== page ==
Monday, 8 April 2019

Brexit? I blame the media

Anthony Seldon in the New Statesman “J’accuse” (29th March) says “the judiciary and the Civil Service need to be better representatives of British society today”.  But it is unrealistic to think that any branch of government will ever be populated with people who represent the whole of society.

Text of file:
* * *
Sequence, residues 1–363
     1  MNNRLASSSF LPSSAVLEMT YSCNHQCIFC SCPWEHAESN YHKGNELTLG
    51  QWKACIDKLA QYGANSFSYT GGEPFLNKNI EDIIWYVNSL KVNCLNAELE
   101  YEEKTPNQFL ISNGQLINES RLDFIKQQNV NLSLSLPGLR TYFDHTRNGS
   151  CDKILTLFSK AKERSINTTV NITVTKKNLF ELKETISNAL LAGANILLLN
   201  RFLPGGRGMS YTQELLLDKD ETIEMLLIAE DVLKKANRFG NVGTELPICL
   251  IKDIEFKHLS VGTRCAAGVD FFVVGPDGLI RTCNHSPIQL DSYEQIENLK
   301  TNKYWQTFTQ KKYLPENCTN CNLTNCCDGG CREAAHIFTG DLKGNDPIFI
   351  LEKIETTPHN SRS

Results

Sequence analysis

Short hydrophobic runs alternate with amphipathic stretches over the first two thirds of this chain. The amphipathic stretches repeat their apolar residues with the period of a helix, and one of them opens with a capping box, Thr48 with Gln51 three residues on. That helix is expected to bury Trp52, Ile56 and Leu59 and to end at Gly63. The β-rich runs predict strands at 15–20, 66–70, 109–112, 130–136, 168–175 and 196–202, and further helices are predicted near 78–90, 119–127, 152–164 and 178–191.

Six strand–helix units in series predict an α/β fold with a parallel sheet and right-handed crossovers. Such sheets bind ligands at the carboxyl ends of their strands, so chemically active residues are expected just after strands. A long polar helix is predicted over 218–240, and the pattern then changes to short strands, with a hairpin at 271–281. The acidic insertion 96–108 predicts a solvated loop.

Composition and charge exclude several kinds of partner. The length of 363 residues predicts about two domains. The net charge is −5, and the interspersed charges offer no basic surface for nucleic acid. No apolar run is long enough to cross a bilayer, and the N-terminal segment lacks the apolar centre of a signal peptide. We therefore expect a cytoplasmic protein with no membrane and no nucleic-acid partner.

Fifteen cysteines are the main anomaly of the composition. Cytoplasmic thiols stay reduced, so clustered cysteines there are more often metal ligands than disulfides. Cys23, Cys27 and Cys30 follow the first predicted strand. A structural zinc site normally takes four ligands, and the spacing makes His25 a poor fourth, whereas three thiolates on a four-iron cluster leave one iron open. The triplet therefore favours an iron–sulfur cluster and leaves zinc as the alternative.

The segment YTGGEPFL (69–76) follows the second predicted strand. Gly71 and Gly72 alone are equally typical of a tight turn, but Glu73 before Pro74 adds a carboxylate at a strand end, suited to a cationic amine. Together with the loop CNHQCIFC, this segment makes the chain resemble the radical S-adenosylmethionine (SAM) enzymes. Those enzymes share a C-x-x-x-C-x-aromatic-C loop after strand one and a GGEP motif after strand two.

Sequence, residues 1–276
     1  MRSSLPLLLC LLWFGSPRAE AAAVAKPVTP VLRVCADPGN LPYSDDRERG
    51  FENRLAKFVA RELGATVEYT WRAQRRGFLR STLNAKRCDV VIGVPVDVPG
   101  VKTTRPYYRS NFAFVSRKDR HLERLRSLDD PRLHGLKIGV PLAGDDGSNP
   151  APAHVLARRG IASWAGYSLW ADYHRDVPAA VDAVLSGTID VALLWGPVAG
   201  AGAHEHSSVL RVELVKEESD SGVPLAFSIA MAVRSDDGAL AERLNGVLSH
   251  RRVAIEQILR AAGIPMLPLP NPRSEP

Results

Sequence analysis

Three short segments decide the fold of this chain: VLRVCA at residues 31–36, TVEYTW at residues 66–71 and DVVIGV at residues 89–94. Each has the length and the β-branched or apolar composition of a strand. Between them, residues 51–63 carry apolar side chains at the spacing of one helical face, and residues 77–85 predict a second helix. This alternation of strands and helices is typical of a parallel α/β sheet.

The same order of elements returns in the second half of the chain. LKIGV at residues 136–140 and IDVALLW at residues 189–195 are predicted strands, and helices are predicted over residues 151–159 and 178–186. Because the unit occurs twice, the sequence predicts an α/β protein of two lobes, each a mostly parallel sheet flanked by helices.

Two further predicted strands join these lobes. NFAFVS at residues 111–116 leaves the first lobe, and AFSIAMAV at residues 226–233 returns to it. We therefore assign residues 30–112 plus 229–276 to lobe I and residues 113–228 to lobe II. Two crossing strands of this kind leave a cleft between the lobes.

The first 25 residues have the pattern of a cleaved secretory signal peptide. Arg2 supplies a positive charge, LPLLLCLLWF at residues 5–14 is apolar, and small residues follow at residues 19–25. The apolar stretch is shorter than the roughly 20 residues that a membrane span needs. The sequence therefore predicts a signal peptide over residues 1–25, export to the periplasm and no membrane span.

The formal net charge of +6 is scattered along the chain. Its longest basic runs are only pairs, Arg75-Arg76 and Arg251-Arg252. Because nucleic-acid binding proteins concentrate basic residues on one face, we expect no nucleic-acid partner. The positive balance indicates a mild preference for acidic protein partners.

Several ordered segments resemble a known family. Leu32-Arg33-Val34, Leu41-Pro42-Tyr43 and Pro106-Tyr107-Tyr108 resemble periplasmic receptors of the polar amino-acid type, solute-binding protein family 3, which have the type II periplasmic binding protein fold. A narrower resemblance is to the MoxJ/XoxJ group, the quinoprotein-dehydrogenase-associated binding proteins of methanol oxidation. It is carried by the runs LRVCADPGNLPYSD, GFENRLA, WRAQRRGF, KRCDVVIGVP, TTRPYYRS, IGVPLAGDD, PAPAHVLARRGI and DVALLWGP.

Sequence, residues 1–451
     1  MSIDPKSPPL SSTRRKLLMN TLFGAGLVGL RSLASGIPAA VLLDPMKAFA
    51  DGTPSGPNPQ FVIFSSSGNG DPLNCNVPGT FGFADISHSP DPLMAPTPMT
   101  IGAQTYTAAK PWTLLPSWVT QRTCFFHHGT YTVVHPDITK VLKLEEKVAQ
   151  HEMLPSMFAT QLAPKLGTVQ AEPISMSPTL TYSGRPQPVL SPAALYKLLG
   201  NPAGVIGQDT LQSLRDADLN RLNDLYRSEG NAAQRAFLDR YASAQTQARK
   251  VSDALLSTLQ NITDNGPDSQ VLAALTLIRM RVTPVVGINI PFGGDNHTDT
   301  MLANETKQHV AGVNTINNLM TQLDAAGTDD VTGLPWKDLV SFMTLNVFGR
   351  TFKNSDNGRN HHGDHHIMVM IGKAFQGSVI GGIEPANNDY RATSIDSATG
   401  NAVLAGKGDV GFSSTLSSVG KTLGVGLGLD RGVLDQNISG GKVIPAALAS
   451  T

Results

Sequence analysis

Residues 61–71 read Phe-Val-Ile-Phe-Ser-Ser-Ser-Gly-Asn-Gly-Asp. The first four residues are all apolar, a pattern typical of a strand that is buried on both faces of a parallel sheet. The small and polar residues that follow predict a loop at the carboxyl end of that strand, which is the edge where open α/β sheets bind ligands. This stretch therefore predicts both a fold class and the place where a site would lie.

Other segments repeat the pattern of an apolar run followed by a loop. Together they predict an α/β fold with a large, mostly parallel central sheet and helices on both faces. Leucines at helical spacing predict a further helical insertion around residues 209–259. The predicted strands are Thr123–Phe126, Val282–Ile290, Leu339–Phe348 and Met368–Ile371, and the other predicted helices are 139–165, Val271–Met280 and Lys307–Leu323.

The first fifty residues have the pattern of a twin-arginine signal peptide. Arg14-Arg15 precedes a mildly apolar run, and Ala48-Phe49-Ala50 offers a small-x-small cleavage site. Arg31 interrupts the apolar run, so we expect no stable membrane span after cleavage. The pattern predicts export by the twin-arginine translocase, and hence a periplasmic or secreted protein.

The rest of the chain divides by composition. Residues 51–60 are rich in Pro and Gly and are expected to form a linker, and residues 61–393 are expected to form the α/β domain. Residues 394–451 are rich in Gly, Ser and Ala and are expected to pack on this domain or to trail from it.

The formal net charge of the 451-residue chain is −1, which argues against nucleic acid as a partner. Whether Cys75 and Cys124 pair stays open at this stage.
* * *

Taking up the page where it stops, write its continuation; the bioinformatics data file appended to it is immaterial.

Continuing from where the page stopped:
There is clear recognition of a lack of faces from ethnic minorities and women in the upper echelons of these institutions and efforts to change that may or may not be successful over time.  Society also now appears to be taking the issue of social mobility and if equality of opportunity were to become the norm it would at least help those who with the necessary aptitude and desire.  But nothing can be done that will ensure that the institutions Mr Seldon speaks of.  By the nature of their success, judges and senior civil servants are part of the so-called “elite”.  The high academic and performance standards required to progress, and the material rewards and social status that comes with that, mean that neither judges nor top civil servants will be representative of that part of the electorate that feels excluded and overlooked.  People may nostalgically cling to the class of their birth, and write in their memoirs of their fond memories of a council estate childhood, but in most cases they deliberately left that behind.  In any event, even if they were able to exercise their own conscience, and conscience is not a function of social origins, by and large they are servants of the state and are largely bound to do what politicians want.